Subject: entry fees From: "Steve & Jean Loken" <> Date: Fri, 15 Aug 2008 14:25:04 -0500 X-Message-Number: 4

Dale, There's no fee to enter a quilt in the Minnesota State Fair, but six tickets for $30 would be a strong incentive to enter here, since it's $10 to get into the fair. If you volunteer for an organization, which I do for two, you get complimentary tickets, and that's when I go. Jean in MN


Subject: It's a good day! From: DON JAN MASENTHIN <> Date: Fri, 15 Aug 2008 13:45:07 -0700 (PDT) X-Message-Number: 5

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First -- I think it's quite normal to talk to creations, applaud designs in progress or throw empty spools -- doesn't everybody? Second -- thanks, Teddy, for a delicious laugh on one of the already best days of my life. Third -- my son & his wife are adopting -- baby just born hours ago in South Carolina, soon to be home in Kansas. Only problem -- I'm in Georgia and am now hearing my Bernina calling me to come home to Topeka and start this little boy's quilt. A bonus -- I'm adopted, have two adopted children (plus three of the other kind) so this little guy confirms it -- adoption is one of our family traditions. See you in Ohio!

Jan Masenthin



Subject: Re: Honolulu From: "Stephanie Whitson" <> Date: Fri, 15 Aug 2008 21:54:45 -0500 X-Message-Number: 1

But Newbie. . . Just think of it. . . . a reason to linger in paradise. . . . aaaaahhhhhhh. Stephanie Higgins


Subject: Road Kill Quilt From: Marsha MacDowell <> Date: Sat, 16 Aug 2008 07:01:05 -0400 X-Message-Number: 2

For those still interested in possums and road kill, see this Road Kill quilt by the late Lethonee Jones of Kalamazoo, Michigan in Michigan State University Museum's Michigan African American Quilt Collection. You can find it in The Quilt Index.



Subject: Query re. quilt-related oral histories From: Marsha MacDowell <> Date: Sun, 17 Aug 2008 20:00:53 -0400 X-Message-Number: 1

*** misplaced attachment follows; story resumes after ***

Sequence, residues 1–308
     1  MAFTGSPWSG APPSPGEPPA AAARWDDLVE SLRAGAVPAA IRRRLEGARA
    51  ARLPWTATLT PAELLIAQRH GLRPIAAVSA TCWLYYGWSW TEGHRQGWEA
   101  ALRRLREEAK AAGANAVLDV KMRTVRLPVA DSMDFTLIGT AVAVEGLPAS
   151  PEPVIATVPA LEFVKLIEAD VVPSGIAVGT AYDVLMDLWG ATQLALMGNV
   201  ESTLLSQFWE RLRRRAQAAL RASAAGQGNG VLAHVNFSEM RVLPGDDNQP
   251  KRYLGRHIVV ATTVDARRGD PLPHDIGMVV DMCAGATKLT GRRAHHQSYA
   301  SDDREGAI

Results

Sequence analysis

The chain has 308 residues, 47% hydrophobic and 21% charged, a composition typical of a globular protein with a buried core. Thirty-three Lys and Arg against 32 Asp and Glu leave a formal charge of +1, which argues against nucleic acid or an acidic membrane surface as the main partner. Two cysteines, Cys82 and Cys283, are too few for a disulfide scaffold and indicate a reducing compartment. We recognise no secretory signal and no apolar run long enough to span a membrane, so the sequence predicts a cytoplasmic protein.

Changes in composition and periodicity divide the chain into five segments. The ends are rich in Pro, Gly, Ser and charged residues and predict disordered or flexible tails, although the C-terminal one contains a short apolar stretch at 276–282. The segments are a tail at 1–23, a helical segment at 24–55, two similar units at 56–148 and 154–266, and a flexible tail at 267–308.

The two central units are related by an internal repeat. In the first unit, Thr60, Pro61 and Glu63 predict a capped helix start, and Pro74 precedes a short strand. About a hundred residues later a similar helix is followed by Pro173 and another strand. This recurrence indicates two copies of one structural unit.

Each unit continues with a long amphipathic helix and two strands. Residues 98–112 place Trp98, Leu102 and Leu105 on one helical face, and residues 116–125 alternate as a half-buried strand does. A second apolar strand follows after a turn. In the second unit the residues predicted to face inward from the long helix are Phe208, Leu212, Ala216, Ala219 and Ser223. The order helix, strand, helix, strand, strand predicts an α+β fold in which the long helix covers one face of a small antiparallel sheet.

Dear friends,

The Quilt Index (, as part of the current IMLS-funded plan of work, is developing a new section of the website -- a "go-to" place for summary information about documentation projects and other quilt resources. This section will be a WIKI, which will be open to community members to contribute additional information and revisions.

One part will feature growing list of oral histories relating to quilts. In order to launch this part of the WIKI, we are gathering some preliminary information on oral history materials, in any format, on quiltmaking, quiltmakers, quilt owners, or others (quilt dealers, quilt equipment designers, quilt fabric designers and producers, curators of quilt exhibitions, etc.) affiliated with the quilt world.

At minimum, we would like to know: Name of collection or project Name of institution [or person holding oral histories] and contact information.

If available, you can also include: Brief description of collection (date period of project, focus of project) Number and format of tapes [if known]

We hope to launch this by the end of August so hope we can hear from you soon!

Please send your information to Marsha MacDowell (

Thanks so much!


Marsha MacDowell, Ph.D. Curator and Professor, Michigan State University Museum PI, Quilt Index


Subject: Thank you for fun summer textile-related reading From: Susan Seater <> Date: Sun, 17 Aug 2008 22:58:43 -0400 X-Message-Number: 2

Hi all! I don't remember who suggested which book, but I just read 2 novels I learned about through this list: Anita Amirrezvani's "Blood of Flowers" about Persian rug weaving c1620 and Tracy Chevalier's "The Lady and the Unicorn" about tapestry weaving in Netherlands c1490. Both were enjoyable and entertaining, and seemed accurate about the weaving, with discussion of design, dyeing wool, and choosing colors. Thank you!

Susan in Raleigh, NC hoping for some rain from Fay to break our drought.



Subject: Re: Thank you for fun summer textile-related reading From: Mitzioakes <> Date: Mon, 18 Aug 2008 08:29:12 -0400 X-Message-Number: 1

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Hey, want some rain - if possible Vermont would love to send you some. We have nothing but rain all summer - Lake Champlain is almost at flood level which it never has been in history......Hope you do get some rain from Fay - as long as she doesn't head to New Orleans - our daughter is just finishing up the repairing of her home after Katrina! Mitzi from moist Vermont


Subject: Move Over, Possums . . . From: "Julie Silber" <> Date: Mon, 18 Aug 2008 11:25:27 -0700 X-Message-Number: 2

Move Over, Possums,

You're not the only Critter on the "Block" !!

Check the eBoard for a RARE, odiferous quilt...

Julie Silber The Quilt Complex POB 729 Albion, Ca 95410


Subject: Two Words From: Teddy Pruett <> D

Hurricanes. P'tui.

Teddy Pruett "I always try to balance the light with the heavy - a fewtears of human spirit in with the sequinsand the fringes."Bette Midler